Dr. King hit the nail on the head 52 years ago in that Nobel Peace Prize Lecture, we must strive to “win his understanding.”  We must strive to work together as a community to meet each other where they are, understand their point of view, embrace their fears and allow LOVE TO TRUMP HATE.  All violence will do is “create bitterness in the survivors and brutality in the destroyers.”  We MUST create a “dialogue” and not a “monologue.”

In June of 2007, Hillary Clinton said, “The worst thing that can happen in a democracy – as well as in an individual’s life – is to become cynical about the future and lose hope.”  And I truly believe, even in defeat today, she still believes this to be true.  And we as Americans, those of you who are her supporters and those of us who were not, would do well by each other to remember this statement. We cannot lose hope.  I cannot lose hope in America by watching the senseless violence that is stemming from what some hoped would be peaceful protests this week.  And you cannot lose hope in America by the swearing in of a candidate for President that you did not support.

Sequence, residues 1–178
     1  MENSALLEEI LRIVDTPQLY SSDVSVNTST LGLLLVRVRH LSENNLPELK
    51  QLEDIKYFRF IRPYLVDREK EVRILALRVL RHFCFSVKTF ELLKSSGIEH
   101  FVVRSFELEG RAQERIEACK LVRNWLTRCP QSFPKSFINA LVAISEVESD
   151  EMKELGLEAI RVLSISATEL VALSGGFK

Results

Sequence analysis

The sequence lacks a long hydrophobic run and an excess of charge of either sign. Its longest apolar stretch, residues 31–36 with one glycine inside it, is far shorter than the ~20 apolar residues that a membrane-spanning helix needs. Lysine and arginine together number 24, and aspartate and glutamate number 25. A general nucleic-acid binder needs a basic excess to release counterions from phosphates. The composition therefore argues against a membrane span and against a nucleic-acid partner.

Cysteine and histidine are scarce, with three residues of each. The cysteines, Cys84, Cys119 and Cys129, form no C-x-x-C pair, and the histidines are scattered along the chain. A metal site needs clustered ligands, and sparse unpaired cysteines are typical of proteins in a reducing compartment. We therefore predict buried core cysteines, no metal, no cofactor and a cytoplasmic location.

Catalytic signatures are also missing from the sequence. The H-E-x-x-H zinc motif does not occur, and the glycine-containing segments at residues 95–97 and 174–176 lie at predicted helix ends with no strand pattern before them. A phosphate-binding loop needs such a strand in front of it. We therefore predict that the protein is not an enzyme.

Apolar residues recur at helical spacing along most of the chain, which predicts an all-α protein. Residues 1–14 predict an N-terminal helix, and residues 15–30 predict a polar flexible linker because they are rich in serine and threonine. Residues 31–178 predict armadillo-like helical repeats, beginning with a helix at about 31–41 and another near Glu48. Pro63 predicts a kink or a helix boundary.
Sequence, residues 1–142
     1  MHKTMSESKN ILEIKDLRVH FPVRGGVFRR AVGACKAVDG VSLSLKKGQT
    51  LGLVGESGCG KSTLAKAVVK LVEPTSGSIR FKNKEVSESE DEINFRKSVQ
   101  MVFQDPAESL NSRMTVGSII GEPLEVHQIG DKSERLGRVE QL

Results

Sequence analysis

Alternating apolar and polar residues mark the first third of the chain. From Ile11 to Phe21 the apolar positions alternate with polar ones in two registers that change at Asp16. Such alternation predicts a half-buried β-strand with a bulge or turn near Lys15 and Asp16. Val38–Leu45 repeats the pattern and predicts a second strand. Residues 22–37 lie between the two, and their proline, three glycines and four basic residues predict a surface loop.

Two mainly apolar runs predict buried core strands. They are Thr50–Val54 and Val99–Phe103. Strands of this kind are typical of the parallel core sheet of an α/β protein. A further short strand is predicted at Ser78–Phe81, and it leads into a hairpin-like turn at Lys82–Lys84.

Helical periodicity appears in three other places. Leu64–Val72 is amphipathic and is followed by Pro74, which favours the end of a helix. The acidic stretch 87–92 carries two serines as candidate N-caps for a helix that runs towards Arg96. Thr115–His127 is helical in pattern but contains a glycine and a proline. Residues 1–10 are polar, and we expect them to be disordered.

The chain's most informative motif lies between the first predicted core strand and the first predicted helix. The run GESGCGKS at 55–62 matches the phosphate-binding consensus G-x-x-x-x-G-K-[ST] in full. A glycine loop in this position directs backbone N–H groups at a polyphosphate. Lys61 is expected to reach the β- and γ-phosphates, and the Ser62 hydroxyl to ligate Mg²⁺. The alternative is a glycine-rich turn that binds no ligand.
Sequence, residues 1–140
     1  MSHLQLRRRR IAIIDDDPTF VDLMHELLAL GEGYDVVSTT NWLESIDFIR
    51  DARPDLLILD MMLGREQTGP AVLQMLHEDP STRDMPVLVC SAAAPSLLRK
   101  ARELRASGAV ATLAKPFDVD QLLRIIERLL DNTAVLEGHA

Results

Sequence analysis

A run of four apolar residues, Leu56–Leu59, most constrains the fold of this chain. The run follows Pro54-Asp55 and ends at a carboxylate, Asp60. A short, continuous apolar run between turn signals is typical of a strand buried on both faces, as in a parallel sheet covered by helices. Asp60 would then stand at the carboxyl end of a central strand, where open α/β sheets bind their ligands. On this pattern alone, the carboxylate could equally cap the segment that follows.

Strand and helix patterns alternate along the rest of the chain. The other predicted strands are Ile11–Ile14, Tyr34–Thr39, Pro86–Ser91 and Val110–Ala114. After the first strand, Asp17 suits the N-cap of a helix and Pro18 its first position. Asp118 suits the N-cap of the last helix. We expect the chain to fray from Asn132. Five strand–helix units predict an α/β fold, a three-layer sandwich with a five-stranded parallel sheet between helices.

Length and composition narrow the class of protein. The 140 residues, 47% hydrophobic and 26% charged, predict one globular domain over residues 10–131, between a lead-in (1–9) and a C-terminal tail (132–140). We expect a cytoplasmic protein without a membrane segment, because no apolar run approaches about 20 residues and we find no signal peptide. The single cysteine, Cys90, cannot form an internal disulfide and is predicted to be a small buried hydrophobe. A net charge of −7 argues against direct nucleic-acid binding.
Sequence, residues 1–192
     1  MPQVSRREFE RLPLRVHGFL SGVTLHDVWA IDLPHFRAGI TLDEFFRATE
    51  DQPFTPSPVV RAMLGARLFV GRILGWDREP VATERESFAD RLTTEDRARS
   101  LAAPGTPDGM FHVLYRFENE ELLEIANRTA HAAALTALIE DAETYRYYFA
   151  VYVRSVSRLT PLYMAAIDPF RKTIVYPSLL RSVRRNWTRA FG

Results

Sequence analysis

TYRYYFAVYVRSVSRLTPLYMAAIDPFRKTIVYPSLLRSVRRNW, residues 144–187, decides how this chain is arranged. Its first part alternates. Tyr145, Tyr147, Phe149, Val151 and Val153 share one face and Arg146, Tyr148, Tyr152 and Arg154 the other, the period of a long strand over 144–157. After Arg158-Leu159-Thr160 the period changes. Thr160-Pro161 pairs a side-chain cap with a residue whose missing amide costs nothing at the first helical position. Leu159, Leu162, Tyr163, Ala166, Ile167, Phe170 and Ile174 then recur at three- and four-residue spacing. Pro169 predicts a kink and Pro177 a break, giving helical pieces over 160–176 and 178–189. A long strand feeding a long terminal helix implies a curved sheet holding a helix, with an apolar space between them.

Politics is as flawed as it comes, and that only makes sense when you remember that we as humans are ALL flawed.  Donald Trump, Hillary Clinton, Barack Obama, Mandy Asberry, and you can go ahead and insert your name here as well.  Where humans live, flaws will exist.  Franklin Roosevelt once said, “Let us never forget that government is ourselves and not an alien power over us. The ultimate rulers of our democracy are not a President and senators and congressmen and government officials, but the voters of this country.”  Politicians are not the answer, government is not the answer.  We need to remember the words of David in Psalm 24:1, “The earth is the Lord’s and everything in it, the world, and all who live in it.”  We have to be careful who we place our hope in, politicians, entertainers, athletes will all let us down.  Heck Colin Kaepernick started a movement of kneeling during the National Anthem to bring attention to social injustice and then didn’t even go to vote.  I am NOT a Stephen A. Smith fan (quite the opposite), but I’d have to agree with what he said on ESPN yesterday that now, “what he said meant absolutely nothing” when discussing Kap.  This world will not bring you peace, it will not bring you hope, it will not bring you joy-only Jesus Christ can do that and we as believers, democrats and republicans alike, need to be showing that peace, that hope and joy to the world around us who is struggling with the events of this week.